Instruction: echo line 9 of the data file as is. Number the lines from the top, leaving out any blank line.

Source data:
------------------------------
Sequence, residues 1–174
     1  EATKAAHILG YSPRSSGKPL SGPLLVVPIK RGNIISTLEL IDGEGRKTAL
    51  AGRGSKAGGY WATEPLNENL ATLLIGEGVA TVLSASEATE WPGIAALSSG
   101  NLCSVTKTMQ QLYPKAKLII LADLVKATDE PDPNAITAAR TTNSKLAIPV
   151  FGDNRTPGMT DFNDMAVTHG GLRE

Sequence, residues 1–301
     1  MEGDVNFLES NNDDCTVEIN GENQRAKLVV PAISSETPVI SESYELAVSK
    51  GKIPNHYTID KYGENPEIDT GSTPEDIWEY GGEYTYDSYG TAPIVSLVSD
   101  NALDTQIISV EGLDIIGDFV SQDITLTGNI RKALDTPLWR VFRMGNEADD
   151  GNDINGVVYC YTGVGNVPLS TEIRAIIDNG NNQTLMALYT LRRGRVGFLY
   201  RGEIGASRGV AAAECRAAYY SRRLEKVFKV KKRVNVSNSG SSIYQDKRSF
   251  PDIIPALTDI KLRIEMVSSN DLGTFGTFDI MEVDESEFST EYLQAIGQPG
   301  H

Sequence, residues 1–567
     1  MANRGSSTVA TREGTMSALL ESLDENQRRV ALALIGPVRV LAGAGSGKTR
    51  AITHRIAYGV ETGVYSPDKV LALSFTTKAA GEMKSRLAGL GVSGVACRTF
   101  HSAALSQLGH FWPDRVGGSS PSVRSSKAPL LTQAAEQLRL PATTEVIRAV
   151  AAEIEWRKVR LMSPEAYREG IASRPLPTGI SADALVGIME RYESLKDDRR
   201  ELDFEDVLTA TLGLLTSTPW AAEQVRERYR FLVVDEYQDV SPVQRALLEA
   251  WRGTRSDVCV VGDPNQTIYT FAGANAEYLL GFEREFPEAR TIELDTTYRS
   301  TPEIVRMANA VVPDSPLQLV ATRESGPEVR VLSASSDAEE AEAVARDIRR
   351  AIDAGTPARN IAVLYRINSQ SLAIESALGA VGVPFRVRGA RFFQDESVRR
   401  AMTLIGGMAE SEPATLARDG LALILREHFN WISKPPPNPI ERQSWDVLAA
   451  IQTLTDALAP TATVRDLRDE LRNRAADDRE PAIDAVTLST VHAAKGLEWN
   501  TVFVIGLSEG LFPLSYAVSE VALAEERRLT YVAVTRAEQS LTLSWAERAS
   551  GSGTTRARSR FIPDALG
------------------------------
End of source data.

   101  NALDTQIISV EGLDIIGDFV SQDITLTGNI RKALDTPLWR VFRMGNEADD